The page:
The Other Shoe Drops: Neteller Completely Exits US Market
Some people asked me yesterday why Neteller was only stopping InstaCash transfers and my response was that because Neteller plans on exiting the market completely and stopping InstaCash helped mitigate the damage since InstaCash involves Neteller fronting the player the money while it waits for the funds transfer from the bank. Without InstaCash they could exit at any moment and their potential exposure to funds in transfer would be greatly reduced. Well, now it appears that Neteller couldn’t wait and has gone ahead and turned off payment processing to US customers completely.
US Member Update
Due to recent US legislative changes and events, effective immediately, US members are no longer able to transfer funds to or from any online gambling sites.
All US members will continue to be able to use their NETELLER e-wallet account to safely transfer funds to and from non-gambling merchants and are not required to close their account or withdraw their funds.
There’s a long list of FAQ’s there as well so if you have any questions on how this will impact you, go check it out.
In other Neteller news, Neteller founder John Lefebvre had bail set at $5 million USD. Lefebvre will had no problem raising that kind of scratch but the high bail amount is certainly being used to further articulate the message that US prosecutors aren’t screwing around.
So for those of you asking what your options are now . . . start getting used to the fact that it’s no longer business as usual! Look at how many wallets have dropped out of the market and they haven’t even published the regs yet. This arrest was for charges stemming from activities long before the UIGEA even was passed in Congress. That means the US gov can go after any company it wants. Only the completely retarded or spectacularly greedy are going to attempt to continue to do business with US customers.
One thing many people say is that because there’s so much to be made that someone will fill the gap. While I can see the merits of such a hopeful view the entire problem is one of size. If I were to decide to get into the money transfer business and go open up shop on some small Caribbean island I would get swamped with business. But now that I’m moving so much money around people are going to start taking notice. Once my activity is noticed US banks can easily just refuse to do business with me. Besides, once you start moving billions of dollars around you can’t risk keeping your money in some nondescript Caribbean bank. You have to use a bank that can handle the volume. Banks that can handle the volume usually are either located in countries were they fear the US or they have other business interests in the US and don’t want your business. That’s why the UIGEA was so damaging. The law won’t allow US banks to turn a blind eye to this kind of activity.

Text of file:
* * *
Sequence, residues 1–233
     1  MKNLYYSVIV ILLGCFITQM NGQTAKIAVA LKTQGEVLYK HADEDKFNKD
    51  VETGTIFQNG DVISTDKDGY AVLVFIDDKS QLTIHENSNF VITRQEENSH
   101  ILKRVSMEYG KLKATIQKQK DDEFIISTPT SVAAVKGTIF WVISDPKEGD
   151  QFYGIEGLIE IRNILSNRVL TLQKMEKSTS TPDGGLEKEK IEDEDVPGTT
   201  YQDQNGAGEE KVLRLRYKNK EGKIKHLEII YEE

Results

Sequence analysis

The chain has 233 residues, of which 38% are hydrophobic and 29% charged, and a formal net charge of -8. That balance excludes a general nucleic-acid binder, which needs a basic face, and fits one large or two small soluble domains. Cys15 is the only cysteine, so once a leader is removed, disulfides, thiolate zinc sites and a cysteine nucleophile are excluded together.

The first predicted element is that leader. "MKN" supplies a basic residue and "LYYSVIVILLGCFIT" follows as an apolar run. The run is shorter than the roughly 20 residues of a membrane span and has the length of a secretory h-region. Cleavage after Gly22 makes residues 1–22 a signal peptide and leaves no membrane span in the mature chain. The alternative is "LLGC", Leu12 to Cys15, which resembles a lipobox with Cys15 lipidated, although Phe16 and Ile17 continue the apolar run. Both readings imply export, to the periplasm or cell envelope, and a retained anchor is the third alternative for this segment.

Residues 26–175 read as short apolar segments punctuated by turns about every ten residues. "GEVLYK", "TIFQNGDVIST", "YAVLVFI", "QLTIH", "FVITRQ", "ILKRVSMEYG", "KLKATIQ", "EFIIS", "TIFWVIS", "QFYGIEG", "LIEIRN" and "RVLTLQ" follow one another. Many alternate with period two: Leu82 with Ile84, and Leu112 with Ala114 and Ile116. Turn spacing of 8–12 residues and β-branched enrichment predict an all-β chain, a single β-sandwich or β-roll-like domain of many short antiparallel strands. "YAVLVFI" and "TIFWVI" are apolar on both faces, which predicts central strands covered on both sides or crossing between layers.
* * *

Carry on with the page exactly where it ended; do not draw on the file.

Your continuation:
Everybody knows what business Neteller is in. They never fooled anybody. Their rates charged to merchants were so insanely high that only gaming sites could even consider doing business with them. And that’s why I think Neteller previously out and said they would comply with US law. They were just hoping that the regs might leave them enough wiggling room to survive. Now they don’t even have until the regs are published since the US has made it clear that it believes that what Neteller does was illegal even before the UIGEA.
Make no mistake about it, this is the beginning of the end for US online poker players until laws are changed.
For those of you who need your gambling fix, re-check out this post I did about privacy. I’ve also had some other ideas that are more solid but cost a bit. Basically, you still need the proxy servers but rather than trying to get foreign bank accounts and foreign addresses to register with go ahead and shell out about $2000 USD and set up your own offshore corporation. You now have a legitimate non-US entity that can open bank accounts and transfer funds without the stench of American that would likely keep many legitimate foreign banks from doing business with you. Don’t try to avoid taxes on the money though. File all the proper paperwork and pay your fair share but at least you can keep your money moving around. You are simply an employee of the company who (if you use proxy servers and use your corporate physical address) appear to have no US connection and can play on any site you choose.